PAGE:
Maison Gauthier combines two highly coveted architectural qualities; a strong contemporary character, through its clean, geometric minimalism and masterful use of materials, and a powerful sense of place, as it sits rooted in its rural locale bringing to mind agricultural buildings (stables and horse-breeding centres were among its creators’ key references).
Designed by Cécile Combelle and Antonio Di Bacco’s Atelier Barda, the project, located in Quebec’s Laurentians region, is not only a highly accomplished piece of architectural work; it also holds a special place in the architects’ heart. ‘[It] is certainly the project that best defines our current residential practice,’ they say. ‘It is the culmination of a process linking our clients’ great confidence in our ideas with close collaboration with the contractor during construction.’
Photography: Maxime Desbiens
The clients, a passionate potter, and a retired business executive, outlined a brief for a private residence that includes a ceramics studio. Their love for American minimalist painters influenced the house’s simple geometric shapes in the design of the interior volumes, says the team. ‘We immediately appreciated the contrast between their interest in raw, minimalist art, the rustic character of farm stables and the elegance of horses and the equestrian world.’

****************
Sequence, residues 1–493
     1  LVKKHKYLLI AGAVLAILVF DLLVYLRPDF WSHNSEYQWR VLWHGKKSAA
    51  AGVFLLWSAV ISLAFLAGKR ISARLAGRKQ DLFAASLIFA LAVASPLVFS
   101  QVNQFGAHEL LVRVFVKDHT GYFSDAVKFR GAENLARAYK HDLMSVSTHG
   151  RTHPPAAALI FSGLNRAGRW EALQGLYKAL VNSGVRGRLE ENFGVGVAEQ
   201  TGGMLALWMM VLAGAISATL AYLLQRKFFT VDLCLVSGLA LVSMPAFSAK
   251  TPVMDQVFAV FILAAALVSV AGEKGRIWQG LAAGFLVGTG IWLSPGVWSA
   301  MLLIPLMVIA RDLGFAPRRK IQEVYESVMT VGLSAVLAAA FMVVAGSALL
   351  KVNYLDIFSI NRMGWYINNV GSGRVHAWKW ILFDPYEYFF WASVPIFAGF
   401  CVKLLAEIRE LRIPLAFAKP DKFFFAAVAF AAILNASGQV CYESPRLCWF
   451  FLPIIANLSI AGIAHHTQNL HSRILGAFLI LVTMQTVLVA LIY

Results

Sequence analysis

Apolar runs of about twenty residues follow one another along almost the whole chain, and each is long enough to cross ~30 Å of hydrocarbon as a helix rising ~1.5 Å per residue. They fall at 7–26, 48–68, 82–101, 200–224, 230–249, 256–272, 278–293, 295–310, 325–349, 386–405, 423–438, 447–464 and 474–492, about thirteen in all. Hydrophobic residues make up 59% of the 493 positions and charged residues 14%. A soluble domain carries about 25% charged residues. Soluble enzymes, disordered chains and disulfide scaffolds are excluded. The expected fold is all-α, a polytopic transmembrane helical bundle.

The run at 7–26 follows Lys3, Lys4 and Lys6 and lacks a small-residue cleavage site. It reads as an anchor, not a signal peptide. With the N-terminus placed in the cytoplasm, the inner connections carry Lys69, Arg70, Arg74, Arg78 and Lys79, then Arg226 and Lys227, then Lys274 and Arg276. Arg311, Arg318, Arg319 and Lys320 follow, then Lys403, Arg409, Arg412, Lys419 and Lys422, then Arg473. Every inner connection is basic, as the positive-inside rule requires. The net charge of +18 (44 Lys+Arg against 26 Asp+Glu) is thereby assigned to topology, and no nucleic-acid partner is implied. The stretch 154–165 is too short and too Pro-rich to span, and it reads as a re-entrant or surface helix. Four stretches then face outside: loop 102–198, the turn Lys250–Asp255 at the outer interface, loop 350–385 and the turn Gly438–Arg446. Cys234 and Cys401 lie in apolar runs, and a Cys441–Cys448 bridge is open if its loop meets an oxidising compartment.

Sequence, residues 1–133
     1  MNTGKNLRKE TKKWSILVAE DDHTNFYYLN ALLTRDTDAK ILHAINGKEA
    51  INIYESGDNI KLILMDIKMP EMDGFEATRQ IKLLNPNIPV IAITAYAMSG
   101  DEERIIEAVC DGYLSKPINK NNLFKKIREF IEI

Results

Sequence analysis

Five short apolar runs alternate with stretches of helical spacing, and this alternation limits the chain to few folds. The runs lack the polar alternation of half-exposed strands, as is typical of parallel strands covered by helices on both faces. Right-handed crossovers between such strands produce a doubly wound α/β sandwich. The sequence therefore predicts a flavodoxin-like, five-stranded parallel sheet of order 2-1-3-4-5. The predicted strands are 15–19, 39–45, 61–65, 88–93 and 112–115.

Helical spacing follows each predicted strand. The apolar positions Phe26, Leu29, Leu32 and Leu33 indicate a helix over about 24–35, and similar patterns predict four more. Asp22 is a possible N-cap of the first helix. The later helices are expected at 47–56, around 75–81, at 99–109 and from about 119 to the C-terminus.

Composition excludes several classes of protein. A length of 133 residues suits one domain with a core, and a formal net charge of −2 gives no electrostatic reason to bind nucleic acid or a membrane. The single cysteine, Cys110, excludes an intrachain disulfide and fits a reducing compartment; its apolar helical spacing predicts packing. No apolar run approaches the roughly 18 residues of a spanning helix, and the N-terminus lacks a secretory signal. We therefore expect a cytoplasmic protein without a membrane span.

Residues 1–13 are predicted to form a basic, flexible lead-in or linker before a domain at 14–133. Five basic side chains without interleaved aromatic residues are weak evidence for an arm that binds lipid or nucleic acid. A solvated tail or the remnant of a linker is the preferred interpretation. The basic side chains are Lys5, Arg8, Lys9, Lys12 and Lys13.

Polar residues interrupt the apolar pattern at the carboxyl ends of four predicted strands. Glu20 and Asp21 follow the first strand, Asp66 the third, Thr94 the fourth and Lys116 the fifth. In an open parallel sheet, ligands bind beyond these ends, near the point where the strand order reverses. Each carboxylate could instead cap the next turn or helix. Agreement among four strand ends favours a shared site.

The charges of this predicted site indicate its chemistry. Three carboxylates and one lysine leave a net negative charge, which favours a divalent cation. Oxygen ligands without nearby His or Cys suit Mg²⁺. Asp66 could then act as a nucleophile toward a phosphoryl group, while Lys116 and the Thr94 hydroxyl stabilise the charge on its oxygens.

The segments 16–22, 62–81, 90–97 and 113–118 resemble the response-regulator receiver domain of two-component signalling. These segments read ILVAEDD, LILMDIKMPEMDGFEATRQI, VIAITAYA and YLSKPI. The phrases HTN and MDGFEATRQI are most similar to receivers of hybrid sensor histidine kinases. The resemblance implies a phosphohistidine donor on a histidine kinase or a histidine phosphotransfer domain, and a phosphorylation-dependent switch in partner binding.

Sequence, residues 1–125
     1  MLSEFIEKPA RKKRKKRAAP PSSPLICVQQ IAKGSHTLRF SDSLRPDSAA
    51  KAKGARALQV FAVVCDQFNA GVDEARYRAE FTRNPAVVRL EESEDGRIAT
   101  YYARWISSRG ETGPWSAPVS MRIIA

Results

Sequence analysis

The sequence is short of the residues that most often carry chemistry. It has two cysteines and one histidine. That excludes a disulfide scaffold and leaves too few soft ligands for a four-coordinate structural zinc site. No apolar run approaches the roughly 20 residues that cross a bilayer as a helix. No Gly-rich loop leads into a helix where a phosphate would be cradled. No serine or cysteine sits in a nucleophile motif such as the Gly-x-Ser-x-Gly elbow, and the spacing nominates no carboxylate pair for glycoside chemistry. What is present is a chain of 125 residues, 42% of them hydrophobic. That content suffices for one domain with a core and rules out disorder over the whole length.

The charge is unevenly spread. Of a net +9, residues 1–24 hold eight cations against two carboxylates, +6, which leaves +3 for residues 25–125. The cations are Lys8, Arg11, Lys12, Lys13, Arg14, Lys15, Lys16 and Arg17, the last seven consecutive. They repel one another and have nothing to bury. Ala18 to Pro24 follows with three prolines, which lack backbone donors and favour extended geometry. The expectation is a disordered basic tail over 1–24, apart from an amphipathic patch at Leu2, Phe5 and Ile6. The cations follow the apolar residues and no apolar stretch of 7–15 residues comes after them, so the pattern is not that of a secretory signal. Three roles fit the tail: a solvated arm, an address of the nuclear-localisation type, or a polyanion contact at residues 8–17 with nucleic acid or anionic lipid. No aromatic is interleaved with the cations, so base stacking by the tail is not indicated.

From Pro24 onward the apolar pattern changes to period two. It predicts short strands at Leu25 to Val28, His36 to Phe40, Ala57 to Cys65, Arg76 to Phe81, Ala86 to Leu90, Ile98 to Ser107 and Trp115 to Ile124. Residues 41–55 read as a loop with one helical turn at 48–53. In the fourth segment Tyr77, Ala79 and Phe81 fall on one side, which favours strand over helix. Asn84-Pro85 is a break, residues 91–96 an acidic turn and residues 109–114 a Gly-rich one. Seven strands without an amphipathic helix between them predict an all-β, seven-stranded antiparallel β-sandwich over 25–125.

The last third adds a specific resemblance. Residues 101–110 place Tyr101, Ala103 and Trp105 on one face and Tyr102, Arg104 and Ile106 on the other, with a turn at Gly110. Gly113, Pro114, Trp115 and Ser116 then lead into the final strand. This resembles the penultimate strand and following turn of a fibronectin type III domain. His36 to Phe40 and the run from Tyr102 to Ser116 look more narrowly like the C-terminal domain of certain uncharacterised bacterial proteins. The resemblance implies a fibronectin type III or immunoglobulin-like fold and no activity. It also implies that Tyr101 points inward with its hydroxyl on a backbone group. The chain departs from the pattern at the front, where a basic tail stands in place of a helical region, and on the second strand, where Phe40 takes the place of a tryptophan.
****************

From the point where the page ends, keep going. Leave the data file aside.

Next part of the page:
An asymmetric V shaped floorplan combines two distinct wings, one for the studio and another for the garage, with a generous living area at the heart of the composition. A curved corridor connects the two wings.
Soft lines and tactile, raw materials (notably brick, lime and oiled oak) create an interior that feels both modern and cocooning. Attention to detail and immaculate craftsmanship are also key in the overall feel; which comes naturally for an architecture studio that works on all scales and also features a product design division.
‘We consider this house to be characteristic of our current architectural practice, because it expresses the phenomenological, intuitive, analogue approach as well as the idiosyncrasies of our studio’s unique design vocabulary,’ say the architects. §